Establishing Design Principles for Emissive Organic SWIR Chromophores from Energy Gap Laws

07 April 2021, Version 1
This content is a preprint and has not undergone peer review at the time of posting.


Rational design of bright near and shortwave infrared (NIR: 700–1000 SWIR: 1000–2000 nm) molecular and nanoscale emitters is a fundamental scientific question with applications ranging from deep tissue imaging to new photonic materials. However, all reported organic chromophores with energy gaps in the SWIR have very low quantum yields. Is this the result of a fundamental limit for the quantum yield of organic chromophores in the SWIR? Here we combine experiment and theory to derive an energy gap quantum yield master equation (EQME), which describes the fundamental limits in SWIR quantum yields for organic chromophores in terms of energy gap laws for radiative and nonradiative decay. We parametrize EQME using experimental data from time-correlated single photon counting in the SWIR acquired using superconducting nanowire single photon detectors operating beyond the bandgap of silicon. Evaluating the photophysics of 21 polymethine NIR/SWIR emissive chromophores, we explain the precipitous decline of past 900 nm as the result of decreased radiative rates and increased nonradiative deactivation via high frequency vibrations as a function of singlet energy gap. From EQME we can compare quantum yields among NIR/SWIR chromophores while accounting for changes in energy gaps. We find that electron donating character on polymethine heterocycles results in improvements of radiative parameters obscured by a simultaneous redshift. We correlate this improvement to changes in transition dipole moments across the chromenylium polymethine family. Finally, understanding energy gap laws reveals quantitative estimates of the effect of deuteration and molecular aggregation as strategies to increase in the SWIR. We experimentally demonstrate that partial deuteration of the chromophore Flav7 results in decreased nonradiative rates and concomitant increases in quantum yield. These insights will enable optimal chromophore designs for SWIR fluorescence.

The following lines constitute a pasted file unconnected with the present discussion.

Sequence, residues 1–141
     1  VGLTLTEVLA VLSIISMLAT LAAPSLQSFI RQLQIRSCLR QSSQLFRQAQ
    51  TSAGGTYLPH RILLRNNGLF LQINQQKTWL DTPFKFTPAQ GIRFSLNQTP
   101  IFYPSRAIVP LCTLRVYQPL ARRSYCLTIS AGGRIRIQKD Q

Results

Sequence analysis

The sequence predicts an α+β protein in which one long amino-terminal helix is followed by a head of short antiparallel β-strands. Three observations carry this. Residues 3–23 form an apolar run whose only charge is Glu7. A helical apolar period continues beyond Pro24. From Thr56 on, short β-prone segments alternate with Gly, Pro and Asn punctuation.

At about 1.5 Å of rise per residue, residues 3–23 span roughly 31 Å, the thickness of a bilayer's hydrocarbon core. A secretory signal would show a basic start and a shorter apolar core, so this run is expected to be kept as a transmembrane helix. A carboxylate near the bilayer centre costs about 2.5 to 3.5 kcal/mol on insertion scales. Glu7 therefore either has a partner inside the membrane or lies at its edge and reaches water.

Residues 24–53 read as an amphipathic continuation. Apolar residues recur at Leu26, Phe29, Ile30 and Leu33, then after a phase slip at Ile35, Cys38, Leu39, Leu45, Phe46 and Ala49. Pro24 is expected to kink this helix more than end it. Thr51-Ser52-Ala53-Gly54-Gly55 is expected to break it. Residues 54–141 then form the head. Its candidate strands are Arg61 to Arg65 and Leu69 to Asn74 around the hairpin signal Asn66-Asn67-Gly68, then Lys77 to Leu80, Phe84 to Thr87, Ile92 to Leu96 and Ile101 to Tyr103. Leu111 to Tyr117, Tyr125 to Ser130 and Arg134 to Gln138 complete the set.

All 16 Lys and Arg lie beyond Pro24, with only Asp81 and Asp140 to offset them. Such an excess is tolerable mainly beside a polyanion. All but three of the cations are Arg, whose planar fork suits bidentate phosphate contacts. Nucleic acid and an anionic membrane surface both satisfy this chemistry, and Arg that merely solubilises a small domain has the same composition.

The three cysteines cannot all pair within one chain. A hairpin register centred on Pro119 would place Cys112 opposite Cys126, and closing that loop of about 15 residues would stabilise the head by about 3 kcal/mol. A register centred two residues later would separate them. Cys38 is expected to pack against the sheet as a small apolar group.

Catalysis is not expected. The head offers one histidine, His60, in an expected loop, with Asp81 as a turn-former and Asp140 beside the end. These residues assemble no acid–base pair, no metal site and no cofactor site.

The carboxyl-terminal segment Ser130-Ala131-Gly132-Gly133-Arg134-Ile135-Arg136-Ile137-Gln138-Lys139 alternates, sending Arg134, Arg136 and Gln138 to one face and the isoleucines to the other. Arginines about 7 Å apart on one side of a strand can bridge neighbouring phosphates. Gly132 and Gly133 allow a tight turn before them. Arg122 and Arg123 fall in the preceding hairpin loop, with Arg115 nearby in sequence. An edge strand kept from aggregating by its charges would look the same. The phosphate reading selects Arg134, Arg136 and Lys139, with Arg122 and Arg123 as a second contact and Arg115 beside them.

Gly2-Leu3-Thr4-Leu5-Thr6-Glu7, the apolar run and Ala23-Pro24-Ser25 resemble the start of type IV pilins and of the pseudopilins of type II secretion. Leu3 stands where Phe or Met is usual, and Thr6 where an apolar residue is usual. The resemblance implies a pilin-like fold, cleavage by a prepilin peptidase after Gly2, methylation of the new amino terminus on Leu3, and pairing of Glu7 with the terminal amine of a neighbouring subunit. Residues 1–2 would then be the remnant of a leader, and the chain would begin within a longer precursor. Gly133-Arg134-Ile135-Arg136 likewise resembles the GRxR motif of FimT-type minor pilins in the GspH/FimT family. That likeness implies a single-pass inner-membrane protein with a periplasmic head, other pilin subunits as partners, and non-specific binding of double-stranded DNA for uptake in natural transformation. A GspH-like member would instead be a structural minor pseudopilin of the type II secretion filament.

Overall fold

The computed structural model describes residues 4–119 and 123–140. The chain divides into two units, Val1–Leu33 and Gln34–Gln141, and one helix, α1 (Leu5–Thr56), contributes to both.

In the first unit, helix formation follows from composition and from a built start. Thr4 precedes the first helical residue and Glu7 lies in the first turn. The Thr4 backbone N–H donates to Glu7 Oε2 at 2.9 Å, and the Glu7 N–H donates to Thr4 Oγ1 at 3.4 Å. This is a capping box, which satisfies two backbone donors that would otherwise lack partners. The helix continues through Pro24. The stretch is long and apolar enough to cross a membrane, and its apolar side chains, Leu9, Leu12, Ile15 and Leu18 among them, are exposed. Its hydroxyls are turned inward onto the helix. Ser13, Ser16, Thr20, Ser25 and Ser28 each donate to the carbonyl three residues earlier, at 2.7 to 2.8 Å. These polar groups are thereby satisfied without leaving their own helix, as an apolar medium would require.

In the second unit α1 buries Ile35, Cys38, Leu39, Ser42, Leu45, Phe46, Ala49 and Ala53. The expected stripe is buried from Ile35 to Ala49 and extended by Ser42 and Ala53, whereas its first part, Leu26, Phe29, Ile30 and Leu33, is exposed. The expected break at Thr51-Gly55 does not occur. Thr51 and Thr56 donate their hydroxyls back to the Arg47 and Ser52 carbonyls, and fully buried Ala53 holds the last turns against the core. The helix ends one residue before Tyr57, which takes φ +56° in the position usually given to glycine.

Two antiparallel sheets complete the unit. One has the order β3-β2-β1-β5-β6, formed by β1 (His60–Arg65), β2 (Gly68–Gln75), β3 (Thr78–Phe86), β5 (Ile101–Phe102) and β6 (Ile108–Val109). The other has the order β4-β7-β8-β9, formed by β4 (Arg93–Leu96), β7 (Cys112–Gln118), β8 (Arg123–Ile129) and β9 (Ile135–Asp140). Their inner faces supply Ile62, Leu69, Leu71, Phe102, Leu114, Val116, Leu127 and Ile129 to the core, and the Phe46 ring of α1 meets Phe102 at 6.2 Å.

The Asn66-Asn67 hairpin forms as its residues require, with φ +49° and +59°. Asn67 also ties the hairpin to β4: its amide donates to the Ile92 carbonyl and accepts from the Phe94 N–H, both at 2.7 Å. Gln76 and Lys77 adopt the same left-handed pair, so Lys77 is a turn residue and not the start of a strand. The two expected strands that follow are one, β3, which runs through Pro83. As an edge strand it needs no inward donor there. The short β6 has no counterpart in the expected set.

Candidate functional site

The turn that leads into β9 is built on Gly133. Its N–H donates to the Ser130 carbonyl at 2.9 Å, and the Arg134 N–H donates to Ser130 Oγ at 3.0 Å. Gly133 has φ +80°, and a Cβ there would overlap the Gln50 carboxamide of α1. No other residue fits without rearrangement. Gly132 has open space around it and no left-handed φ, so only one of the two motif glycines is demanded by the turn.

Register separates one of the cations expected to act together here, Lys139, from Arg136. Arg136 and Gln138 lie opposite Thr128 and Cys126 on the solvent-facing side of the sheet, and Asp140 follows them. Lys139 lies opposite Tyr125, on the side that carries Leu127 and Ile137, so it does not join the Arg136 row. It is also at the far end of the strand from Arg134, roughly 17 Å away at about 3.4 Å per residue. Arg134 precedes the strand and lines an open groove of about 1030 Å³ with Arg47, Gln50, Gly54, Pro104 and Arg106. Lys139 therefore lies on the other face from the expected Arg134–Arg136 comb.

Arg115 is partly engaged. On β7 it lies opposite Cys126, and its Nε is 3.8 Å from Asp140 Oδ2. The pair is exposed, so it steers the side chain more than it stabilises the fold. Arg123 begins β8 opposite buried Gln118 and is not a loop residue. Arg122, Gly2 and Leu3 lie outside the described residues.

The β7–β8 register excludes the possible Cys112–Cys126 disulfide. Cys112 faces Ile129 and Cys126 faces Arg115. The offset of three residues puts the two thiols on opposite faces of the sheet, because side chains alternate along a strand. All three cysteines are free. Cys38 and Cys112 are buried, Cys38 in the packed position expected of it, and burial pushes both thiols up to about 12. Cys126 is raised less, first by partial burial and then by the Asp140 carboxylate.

shortwave infrared
energy gap law analysis
Polymethine Dyes
Near infrared fluorescence
Fluorescence Quantum Yield
radiative rate
Internal Conversion Rates
Hammett substituent parameters

Supplementary materials

SWIR Energy Gap SI


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